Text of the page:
Tale of two teams

Staff Writer
Columbus Alive

The Columbus Crew and New England Revolution have spent most of this Major League Soccer season jockeying for first place in the superior Eastern Conference. Their showdown Saturday at Crew Stadium will go a long way toward determining who wins that race and hoists the Supporters' Shield, the award for the best record in MLS.

These clubs are no strangers -- as two of the league's charter franchises, they've tangoed time and time again over the past 13 years. Before the Revs come to visit Saturday, let's take a look back at some memorable chapters in the history of Columbus vs. New England.

May 11, 1996: In the first meeting between the clubs, New England took a 2-0 lead into the half and looked to have a 2-1 win locked up as the final minutes ticked away at Ohio Stadium. But goals from "Sneaky" Pete Marino and Brian McBride in the 87th and 89th minutes propelled the Crew to a 3-2 comeback victory and many of the 24,750 on hand into a fit of field-rushing euphoria.

Sept. 21, 1996: After a sweltering summer of disappointment, Columbus rattled off nine straight victories to set the stage for the last day of the season: The winner of the Crew-Revolution match would secure the East's final playoff berth. As was so often the case in those days, McBride came through for the Crew, delivering the sole tally in his club's 1-0 triumph at Foxboro Stadium and completing Columbus' improbable comeback.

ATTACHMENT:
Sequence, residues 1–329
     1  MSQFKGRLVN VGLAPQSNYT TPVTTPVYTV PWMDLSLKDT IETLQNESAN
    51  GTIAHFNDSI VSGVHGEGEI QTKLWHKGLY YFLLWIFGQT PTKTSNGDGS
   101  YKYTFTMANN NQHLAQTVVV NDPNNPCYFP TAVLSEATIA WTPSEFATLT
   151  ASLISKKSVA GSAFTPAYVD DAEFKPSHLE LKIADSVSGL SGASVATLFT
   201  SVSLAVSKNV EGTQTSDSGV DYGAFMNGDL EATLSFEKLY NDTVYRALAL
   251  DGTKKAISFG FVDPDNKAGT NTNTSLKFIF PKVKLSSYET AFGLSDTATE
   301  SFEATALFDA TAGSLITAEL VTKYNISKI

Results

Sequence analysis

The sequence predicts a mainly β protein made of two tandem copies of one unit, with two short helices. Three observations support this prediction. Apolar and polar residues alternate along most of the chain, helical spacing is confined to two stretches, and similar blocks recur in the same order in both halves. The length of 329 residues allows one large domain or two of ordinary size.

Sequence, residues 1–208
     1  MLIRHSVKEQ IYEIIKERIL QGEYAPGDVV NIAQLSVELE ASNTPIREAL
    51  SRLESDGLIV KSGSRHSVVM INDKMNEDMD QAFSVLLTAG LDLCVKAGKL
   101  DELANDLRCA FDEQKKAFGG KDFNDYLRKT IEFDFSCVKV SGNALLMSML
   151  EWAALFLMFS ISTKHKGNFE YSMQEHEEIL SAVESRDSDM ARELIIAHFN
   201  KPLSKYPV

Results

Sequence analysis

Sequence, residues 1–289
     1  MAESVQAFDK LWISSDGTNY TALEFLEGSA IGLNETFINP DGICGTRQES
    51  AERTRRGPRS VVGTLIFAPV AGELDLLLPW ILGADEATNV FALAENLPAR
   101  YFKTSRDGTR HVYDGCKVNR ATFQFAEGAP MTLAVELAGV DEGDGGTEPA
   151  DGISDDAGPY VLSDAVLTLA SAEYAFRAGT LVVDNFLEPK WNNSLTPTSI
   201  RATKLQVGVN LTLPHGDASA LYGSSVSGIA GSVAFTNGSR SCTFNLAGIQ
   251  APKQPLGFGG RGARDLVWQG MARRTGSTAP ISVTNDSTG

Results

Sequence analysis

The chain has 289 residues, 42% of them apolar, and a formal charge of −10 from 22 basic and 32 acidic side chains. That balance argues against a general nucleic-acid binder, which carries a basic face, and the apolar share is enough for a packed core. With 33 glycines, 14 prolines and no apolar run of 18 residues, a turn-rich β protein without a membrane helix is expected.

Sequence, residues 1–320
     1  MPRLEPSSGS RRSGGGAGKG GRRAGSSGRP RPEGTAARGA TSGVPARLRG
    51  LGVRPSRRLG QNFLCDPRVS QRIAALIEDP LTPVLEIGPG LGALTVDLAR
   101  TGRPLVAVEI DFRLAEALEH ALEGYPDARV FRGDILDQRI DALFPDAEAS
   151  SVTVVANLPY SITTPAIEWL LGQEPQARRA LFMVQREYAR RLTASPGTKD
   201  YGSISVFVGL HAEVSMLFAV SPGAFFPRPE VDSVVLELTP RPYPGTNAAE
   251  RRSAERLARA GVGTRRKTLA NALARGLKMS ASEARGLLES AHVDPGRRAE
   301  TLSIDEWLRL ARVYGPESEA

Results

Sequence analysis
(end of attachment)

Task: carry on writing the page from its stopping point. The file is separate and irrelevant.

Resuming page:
Aug. 8, 1998: As Stern John powered his way to the MLS scoring title, the Crew netted six goals -- a franchise best that has since been equaled but never eclipsed -- and Columbus continued its 1990s Revolution domination.

May 15, 1999: The Crew could have been weary after starting the season with seven road matches while construction wrapped up on the first soccer-specific stadium in the U.S. But Jeff Cunningham christened Crew Stadium with a 10th-minute tally and Columbus went on to win 2-0 in the park's debut.

Oct. 31, 2004: This Halloween became the spookiest memory in Crew history. Columbus needed a win in the second leg of its home-and-home playoff series to advance or force a sudden-death overtime period.

The Crew squandered a chance to break a 0-0 tie when penalty-kick expert Ross Paule blew a 25th-minute chance from the spot. When the referee awarded Columbus a second PK late in the second half, newly acquired World Cup veteran Tony Sanneh waved off all-time Crew goals leader Cunningham and proceeded to deliver the sort of feeble strike that would draw snickers at a U-7 girls' match.

Deflated, Columbus soon surrendered a goal to Taylor Twellman. Edson Buddle's stoppage-time equalizer was too little too late as New England ousted Columbus from the playoffs for the second time in three seasons. The Crew hasn't made the postseason since.